Take 25: Do the Right Thing

In July of 2015, the BBC released a list of the 100 Greatest American Films, curated by polling critics all over the world. I’m watching them and writing about them as a form of self taught film school. This week, in honor of Black History Month, it’s Take 25: Do the Right Thing. There will be spoilers.

Do the Right Thing toys with the audience. Spike Lee steers the film like a bumper car, erratically and joyfully, plunging headlong into every collision, allowing the pressure to build so that the experience feels increasingly tenuous. Lee is a master puppeteer, unafraid to allow for a broad range of emotions to cascade in seemingly random patterns. The opening credits are played over a montage of Rosie Perez absolutely lighting up the dance floor while “Fight the Power” blares in the background, followed by an abrupt cut to Smiley’s morning speech about Malcom X and MLK outside of the church. The contrast is rich, setting the tone for the essential question Lee is asking, what does it mean for Black people in America to do the right thing?

I could write one thousand words about how shameful it is that the plights of the characters in Do the Right Thing are still so resonant for contemporary Black Americans. The struggles against gentrification and police brutality remain massively politicized issues, with the added variable of for-profit prisons creating incentives for highly influential political groups in America to reap the rewards of our incarceration epidemic. These issues that feel so relevant to politics in America today were also being highlighted in the national consciousness when Do the Right Thing was released in 1989. A year prior, in 1988, not only did Public Enemy drop the film’s fight song “Fight the Power”, NWA further emphasized the sentiment with “Fuck the Police” — prompting protests. Three years later, footage of Rodney King being brutally beaten by police would shock the nation, and kick of a whole other set of protests.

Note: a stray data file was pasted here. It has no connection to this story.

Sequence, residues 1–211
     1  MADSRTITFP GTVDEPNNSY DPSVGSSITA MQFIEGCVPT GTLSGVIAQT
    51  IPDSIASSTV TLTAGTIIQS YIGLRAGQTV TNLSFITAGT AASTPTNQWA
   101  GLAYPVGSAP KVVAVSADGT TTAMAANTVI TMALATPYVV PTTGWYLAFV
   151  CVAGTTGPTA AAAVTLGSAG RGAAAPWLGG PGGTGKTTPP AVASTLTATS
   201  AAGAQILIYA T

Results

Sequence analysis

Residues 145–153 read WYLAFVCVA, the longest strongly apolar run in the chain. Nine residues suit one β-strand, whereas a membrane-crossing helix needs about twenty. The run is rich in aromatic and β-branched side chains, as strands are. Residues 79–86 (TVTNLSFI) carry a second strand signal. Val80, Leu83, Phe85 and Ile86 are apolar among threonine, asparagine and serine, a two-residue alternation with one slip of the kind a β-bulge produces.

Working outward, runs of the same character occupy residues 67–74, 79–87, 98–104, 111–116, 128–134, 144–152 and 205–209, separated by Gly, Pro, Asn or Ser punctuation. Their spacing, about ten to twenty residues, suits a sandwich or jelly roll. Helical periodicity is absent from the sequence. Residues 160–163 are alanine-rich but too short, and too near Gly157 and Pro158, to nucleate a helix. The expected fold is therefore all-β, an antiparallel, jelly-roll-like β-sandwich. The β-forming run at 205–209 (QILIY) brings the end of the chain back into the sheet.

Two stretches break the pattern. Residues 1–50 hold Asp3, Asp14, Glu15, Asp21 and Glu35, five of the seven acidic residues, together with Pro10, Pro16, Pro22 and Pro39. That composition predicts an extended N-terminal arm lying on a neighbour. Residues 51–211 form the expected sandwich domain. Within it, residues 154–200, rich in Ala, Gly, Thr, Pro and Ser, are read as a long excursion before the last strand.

Lee frames this simmering tension within a single day, full of folks going about their ordinary lives. The world Lee creates is full of familiarity — everyone knows each other and has forever. They adjust to the quirks and rough edges of their neighbors and Lee allows them all to occupy highly stylized blocks of space. There are many frames of this film that I would hang stills of on a wall as an art piece, evocative of urban landscape portraits in fine art museums. These early scenes are vibrant and full of the lackadaisical energy that accompanies a deep summer heat wave. Kids run for ice cream and scream in the cool water of a loosened hydrant. Mookie and Tina share one of the sweetest, most intimate, love scenes I’ve ever seen on film, as ice drips over a tightly framed torso on a sweltering summer day. The heat is as much a part of the narrative as Sal’s refusal to comply with Bug’s request for representation.

More and more I notice that extreme heat is used in films as a cinematic technique that reveals the saturation of both physical color and the deepest personas of characters on screen. The heat in this film is a metaphor for the escalating tension which will eventually erupt into flames consuming Sal’s Famous Pizzeria, but it’s also a useful tool to bring people out of their houses and on to their stoops. Everything takes additional effort on those oppressively humid summer days on the East Coast, and polite acceptance of annoying neighbors is one of the first concessions most urbanites need to make.